Weather Blog

Gee, what to wear in Stanley, Idaho?

Gee, what to wear in Stanley, Idaho?
During the summer around here, dressing in layers might mean you wear a hat over your sunglasses. But in Stanley, Idaho, they take dressing in layers to a whole new level!

Saturday, that town of Stanley, elevation 6,270 feet, set a record low of 25 degrees. But later that day, the temperature climbed all the way to 80 degrees!  Once the sun came up, the temperature was rising some 8-9 degrees an hour in the morning.

Large temperature swings are actually not all that uncommon in rural areas where there is dry air and the right kind of vegetation on the ground.  The hot summer sun does a great job in heating up the ground, but then at night, the ground does a great job of radiating the heat back into space, allowing the temperature to plummet.  But even in some populated areas where you have the right regional topography and weather pattern, the temperature can range quite a but during the day.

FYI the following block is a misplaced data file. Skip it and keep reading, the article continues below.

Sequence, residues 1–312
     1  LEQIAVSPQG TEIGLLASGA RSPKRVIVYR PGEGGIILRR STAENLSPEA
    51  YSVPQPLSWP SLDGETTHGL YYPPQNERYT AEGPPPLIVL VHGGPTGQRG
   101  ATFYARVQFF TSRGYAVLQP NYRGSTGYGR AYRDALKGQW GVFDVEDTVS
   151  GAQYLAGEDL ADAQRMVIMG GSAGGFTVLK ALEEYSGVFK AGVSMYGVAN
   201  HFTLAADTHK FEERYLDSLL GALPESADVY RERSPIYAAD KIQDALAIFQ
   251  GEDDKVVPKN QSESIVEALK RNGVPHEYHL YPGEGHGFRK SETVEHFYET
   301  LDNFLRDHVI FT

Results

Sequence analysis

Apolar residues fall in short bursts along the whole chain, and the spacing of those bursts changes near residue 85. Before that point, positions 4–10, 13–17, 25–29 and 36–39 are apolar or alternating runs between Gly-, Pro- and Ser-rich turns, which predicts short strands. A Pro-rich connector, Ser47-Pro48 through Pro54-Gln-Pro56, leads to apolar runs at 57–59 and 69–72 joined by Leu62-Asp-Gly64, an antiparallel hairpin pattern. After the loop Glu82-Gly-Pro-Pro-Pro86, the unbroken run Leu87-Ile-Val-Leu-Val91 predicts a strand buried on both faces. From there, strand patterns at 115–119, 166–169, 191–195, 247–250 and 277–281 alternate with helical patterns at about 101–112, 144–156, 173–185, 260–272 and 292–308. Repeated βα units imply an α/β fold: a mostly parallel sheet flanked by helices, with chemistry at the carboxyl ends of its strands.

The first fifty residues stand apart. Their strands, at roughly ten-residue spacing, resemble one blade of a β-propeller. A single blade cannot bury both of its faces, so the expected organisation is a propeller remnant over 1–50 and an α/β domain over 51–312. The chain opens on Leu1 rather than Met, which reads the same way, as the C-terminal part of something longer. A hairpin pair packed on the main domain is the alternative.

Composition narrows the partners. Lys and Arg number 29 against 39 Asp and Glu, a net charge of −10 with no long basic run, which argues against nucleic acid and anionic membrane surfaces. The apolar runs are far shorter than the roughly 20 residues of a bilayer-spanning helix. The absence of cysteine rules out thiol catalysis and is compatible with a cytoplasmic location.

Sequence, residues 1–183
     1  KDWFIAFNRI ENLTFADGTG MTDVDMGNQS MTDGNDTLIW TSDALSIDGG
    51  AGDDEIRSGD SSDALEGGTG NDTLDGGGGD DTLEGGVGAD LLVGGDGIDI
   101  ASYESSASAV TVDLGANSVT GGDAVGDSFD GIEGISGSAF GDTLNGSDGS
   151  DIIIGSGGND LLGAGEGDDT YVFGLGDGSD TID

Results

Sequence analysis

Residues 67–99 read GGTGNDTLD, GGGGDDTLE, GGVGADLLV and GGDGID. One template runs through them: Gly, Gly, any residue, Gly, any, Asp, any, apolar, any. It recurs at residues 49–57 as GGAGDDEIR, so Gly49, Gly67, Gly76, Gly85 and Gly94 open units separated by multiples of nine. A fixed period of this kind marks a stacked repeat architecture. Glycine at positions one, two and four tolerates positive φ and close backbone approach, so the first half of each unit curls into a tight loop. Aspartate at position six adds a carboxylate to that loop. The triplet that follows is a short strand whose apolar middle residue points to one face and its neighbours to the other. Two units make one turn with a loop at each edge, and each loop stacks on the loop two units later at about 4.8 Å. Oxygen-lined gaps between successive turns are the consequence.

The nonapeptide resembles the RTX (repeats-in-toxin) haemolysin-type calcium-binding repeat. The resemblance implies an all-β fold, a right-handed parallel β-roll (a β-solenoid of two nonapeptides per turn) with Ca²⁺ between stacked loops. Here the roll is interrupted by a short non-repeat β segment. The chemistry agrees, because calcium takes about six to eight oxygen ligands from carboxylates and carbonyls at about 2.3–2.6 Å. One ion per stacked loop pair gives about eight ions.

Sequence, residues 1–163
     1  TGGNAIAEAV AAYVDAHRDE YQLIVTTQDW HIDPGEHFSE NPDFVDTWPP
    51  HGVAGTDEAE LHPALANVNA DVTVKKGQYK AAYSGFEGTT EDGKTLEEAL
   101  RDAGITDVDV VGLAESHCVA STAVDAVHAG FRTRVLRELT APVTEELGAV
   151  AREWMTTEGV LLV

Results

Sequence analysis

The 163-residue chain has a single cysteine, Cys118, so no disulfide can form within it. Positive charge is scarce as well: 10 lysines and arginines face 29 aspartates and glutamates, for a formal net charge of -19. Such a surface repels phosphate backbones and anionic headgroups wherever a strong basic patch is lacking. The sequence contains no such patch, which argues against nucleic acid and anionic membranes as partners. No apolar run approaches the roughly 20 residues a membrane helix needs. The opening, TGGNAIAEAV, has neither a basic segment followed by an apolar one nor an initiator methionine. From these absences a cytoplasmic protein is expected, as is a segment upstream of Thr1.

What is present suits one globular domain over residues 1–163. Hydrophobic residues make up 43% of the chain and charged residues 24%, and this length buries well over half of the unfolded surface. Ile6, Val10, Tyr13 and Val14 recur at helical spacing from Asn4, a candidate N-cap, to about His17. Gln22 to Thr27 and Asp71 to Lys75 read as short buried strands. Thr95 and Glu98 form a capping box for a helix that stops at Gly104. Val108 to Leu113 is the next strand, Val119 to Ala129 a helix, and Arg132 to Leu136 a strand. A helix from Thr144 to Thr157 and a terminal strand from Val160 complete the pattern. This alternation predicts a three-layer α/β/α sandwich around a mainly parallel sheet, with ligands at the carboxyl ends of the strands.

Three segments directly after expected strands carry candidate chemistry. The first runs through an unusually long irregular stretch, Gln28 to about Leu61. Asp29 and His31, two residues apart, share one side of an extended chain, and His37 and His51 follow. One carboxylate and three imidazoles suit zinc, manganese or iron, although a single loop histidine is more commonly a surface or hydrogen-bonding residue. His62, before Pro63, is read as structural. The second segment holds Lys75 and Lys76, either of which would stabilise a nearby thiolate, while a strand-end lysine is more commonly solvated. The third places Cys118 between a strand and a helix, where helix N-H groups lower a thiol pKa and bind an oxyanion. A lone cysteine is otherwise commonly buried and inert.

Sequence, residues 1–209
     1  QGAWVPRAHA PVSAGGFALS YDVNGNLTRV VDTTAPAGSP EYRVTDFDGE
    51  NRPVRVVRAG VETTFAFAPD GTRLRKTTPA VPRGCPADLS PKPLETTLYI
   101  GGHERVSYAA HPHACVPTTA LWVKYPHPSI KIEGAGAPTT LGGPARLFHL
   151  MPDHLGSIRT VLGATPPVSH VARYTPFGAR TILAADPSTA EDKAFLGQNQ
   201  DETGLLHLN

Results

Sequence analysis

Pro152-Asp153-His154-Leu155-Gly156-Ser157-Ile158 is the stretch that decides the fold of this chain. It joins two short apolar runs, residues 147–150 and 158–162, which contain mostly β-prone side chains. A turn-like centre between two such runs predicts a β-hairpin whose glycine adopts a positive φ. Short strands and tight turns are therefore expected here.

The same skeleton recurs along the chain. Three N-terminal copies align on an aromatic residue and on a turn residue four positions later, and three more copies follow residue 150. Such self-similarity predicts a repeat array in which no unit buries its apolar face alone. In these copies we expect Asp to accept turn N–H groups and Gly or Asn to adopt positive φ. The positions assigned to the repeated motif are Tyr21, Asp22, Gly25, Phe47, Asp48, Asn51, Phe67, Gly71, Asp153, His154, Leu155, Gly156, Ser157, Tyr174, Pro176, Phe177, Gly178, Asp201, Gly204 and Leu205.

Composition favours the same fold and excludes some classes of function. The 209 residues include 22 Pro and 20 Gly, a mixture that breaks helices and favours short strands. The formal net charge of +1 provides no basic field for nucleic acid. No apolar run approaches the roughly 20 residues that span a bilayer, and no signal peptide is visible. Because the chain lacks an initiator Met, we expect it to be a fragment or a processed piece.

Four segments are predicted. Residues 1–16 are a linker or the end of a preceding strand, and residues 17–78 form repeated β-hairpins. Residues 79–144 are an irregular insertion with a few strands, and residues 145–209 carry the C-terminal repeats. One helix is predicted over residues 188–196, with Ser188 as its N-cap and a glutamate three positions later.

I was in Denver in late January once, and it was strange on their extended forecast to see a high of 53 with a snowflake on the graphic -- because the expected low was 23 and there was some morning moisture that would begin as snow. I was going to find a good example from today in the desert Southwest, where they can frequently get 50+ degree swings between highs and lows. But they're in their monsoon season, so the clouds are keeping temperatures down during the day and up at night.  But at least in the desert, you might be talking the difference between 105 and 55 -- still warm enough not to have to dig out the heavy jacket in the morning.

The reason why places like Seattle and Portland do not get those wide swings is that the city's concrete and asphalt helps absorb the day's heat and then does a better job of slowly releasing that heat overnight -- known as the urban heating effect. It's also not as dry here and humidity will also hold temperatures up a bit.